Windows 8 Style apps can now run in windows right on the desktop, which, for some, increases their usefulness.  The Start Menu is both old and new and incorporates a pared down Start Page. Part of it is the old style menu, the other half is the pared down start page.  A nice compromise.

Another interesting thing Microsoft has done is enhance the Windows 7 Snap feature. Previously, you could drag a window to the right side and snap it in place and then drag another to the left and snap it. Now, from the new task list, you snap up to four windows, certainly something a power user or developer will welcome.Tech-Preview_Three-program-snap-and-suggestions-500x281

Terry Myerson and Joe Belfiore stuck around for questions after the presentation. Among the questions asked was what this does to Windows RT and Windows Phone. The answer was that Windows 10 would be available to the majority of devices running Windows. Previously, they had said it would, in fact, run on ARM based devices…which includes Windows RT tablets. Now, recently, it was revealed that the majority of Tablets are, in fact, RT. So, I cannot imagine that this segment will get ignored. Windows Phone will be replaced with Windows 10, something we already knew.

All in all, the new version looks promising and you can get your hands on a very early build, starting Wednesday, October 1, 2014.  Go to http://preview.windows.com/ to download the ISO file.

My case against touch: struggling with touchscreens, it should not be this hard

Touchscreens have been around since the 1960’s, possibly earlier. Many schemes have been used, everything from the current overlay technology all the way back to the old light and photocell matrix and everything in between.  There are advantages to them all and many, many disadvantages.  The current flurry of technology employing touchscreens was sparked by the innovative iPhone from Apple.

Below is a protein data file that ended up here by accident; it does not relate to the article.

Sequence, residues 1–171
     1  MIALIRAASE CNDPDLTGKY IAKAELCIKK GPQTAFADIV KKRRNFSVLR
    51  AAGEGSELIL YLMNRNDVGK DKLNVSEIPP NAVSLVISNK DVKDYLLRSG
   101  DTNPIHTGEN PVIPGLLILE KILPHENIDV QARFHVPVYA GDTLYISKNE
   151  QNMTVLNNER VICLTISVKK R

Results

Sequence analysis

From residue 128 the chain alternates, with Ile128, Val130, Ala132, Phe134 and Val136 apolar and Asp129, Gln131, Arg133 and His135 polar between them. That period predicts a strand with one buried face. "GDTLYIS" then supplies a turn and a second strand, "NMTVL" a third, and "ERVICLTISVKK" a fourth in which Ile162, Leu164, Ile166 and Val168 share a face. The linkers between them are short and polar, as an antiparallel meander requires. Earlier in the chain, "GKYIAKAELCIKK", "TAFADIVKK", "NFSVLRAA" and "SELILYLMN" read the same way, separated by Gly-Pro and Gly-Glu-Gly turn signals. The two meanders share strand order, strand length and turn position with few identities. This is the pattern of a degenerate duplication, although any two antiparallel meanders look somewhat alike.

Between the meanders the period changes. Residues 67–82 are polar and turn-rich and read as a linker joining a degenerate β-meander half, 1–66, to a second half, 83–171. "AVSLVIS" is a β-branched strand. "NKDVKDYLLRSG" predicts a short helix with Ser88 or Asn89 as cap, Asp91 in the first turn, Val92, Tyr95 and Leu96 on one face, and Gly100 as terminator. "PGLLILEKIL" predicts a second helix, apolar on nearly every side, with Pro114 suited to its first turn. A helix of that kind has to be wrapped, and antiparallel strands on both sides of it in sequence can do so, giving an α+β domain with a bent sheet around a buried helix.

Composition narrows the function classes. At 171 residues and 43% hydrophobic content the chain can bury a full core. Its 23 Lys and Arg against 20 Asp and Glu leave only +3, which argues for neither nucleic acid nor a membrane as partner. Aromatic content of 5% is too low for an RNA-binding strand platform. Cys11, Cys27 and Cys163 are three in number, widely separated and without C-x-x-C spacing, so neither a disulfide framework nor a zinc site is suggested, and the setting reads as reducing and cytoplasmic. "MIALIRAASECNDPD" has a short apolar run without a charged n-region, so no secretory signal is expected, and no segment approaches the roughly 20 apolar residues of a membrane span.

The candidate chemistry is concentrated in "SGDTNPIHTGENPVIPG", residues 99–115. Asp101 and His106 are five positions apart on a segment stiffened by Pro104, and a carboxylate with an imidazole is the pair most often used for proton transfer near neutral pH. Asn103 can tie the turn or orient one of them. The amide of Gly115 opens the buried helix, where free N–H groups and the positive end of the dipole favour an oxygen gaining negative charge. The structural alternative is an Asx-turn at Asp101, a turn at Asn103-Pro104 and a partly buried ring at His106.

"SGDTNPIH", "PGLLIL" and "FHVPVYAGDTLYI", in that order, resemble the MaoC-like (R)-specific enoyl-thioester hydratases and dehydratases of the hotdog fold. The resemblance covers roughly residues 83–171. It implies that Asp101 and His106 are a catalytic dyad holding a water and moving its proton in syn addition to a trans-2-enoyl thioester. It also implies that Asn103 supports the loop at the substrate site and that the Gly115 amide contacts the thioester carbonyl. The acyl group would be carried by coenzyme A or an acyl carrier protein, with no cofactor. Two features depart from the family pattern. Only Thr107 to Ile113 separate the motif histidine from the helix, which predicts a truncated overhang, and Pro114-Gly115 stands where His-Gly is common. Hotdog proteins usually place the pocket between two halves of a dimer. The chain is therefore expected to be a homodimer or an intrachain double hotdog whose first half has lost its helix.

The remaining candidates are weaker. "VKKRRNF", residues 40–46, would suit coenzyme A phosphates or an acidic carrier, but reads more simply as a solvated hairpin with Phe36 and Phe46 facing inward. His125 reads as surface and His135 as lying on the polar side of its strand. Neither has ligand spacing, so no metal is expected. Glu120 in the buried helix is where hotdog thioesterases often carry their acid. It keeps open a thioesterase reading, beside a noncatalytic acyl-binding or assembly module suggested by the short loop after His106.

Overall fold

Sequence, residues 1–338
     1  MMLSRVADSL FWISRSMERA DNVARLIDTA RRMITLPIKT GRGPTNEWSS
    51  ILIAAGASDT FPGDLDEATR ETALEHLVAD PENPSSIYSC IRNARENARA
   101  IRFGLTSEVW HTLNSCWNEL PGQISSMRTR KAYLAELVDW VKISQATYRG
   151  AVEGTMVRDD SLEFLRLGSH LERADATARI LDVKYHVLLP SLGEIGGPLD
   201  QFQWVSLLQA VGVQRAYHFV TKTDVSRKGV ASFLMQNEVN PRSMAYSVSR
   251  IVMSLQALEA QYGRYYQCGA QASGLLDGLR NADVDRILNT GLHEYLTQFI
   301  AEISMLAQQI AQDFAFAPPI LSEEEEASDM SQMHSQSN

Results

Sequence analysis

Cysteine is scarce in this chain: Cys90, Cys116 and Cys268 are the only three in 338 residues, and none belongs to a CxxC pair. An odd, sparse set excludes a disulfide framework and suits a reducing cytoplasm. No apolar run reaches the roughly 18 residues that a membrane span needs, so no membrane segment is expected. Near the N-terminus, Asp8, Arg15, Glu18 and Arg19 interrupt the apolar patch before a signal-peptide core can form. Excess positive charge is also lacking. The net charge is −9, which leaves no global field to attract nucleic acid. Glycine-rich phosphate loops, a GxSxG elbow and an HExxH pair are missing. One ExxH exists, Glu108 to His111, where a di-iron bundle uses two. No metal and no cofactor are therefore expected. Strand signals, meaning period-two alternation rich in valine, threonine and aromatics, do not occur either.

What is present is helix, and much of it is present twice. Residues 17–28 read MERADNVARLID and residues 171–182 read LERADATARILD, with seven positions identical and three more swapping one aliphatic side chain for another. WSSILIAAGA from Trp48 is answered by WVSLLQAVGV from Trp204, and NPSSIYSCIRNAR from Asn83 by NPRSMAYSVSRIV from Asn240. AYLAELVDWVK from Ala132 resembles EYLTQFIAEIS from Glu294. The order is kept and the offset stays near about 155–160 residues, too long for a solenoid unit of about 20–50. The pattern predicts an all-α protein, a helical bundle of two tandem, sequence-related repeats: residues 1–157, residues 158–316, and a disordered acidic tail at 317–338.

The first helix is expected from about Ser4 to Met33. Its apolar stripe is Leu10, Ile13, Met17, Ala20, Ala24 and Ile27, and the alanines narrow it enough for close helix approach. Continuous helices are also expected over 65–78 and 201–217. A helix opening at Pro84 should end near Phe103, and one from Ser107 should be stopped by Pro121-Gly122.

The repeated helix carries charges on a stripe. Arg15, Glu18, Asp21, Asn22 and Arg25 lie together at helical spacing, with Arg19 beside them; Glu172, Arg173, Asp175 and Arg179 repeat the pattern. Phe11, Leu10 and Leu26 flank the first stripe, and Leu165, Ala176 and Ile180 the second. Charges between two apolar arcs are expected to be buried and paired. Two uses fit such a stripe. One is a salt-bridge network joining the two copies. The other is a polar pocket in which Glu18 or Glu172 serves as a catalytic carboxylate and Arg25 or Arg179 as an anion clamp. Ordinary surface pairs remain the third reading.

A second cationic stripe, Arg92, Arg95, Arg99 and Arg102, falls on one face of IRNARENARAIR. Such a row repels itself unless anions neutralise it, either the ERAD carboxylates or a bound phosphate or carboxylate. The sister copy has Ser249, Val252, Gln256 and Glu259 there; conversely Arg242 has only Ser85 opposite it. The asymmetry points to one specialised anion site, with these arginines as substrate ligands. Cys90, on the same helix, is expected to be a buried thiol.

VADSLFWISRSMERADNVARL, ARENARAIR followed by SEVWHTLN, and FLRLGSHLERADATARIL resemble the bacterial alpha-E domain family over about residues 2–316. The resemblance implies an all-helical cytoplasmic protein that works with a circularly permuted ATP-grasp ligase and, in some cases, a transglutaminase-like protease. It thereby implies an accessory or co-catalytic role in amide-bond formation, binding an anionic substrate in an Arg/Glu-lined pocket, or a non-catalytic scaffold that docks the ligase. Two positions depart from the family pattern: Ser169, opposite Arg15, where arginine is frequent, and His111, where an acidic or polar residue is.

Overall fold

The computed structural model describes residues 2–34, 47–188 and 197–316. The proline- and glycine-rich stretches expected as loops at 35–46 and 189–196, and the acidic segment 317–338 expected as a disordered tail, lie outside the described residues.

Steve Jobs despised the tried and true stylus. He famously said that we already have the best stylus: our fingers. Well, not so fast there, Mr. Jobs.

On large screen devices, like the full size iPad, my Asus Vivo Tab with Windows 8, and pretty much any device that is 8 inches or larger, your finger may work great. But, not so much on small screens.

I have found that it is not really the technology itself, but the user interface that is the real problem.  Especially with the bloody on screen keyboard. If a hardware keyboard fan ever needed a reason to bring back an actual keyboard, one needs to look no further that the iPhone. (Hot on its heels: Windows Phone 8).

The iPhone’s onscreen keyboard is just awful. I constantly hit wrong keys. Now, some of it is my fault, most however, are not. When it isn’t being responsive, it’s just too damn small.  Which is really surprising since the best on screen keyboard I’ve ever used in a small form factor is that on the Zune HD. Both Apple and Microsoft should take a look at that one.  Funny, Microsoft designed it and promptly forgot it when doing the Windows Phone 8 OS.

Aside from too small or unresponsive, the predictive text is also a problem as is spell check/autocorrect. Now, these should be very useful features and, indeed, can be. BUT…when they screw up, they REALLY screw up.  Yes, you can disable them, but, why should you have to? They should just work and they should give you an easy way to maintain and add to the database. If they do, then there’s no easy way to find it.

At any rate, why can’t these companies come up with decent on screen keyboards? Ones that work. Ones that are not hard to use and that just work. You should not have to think about HOW to type while typing.

User Interfaces are another source of frustration.  For example, the antiquated Windows desktop is very difficult to use simply because its widgets are just too small for your fingers and designed to work with a mouse and not your finger.  On iOS, they did a much better job with the UI, however, the multifinger gestures do not always work the same. And, sometimes you swipe down, sometimes you swipe left to right to do the same thing. iPhones present a real challenge due to the screens size. I find it difficult to play some games on this device because of the size of the screen. Other apps, like the music player app, can be difficult to use, especially if you have larger fingers. I find myself constantly selecting the wrong thing simply because the icons are too small.

In this new world of touch, designers need to take a step back and actually use the stuff they put out, before they put it out.I suspect a number of things would be caught and corrected prior to release. I’m sure such products would dominate.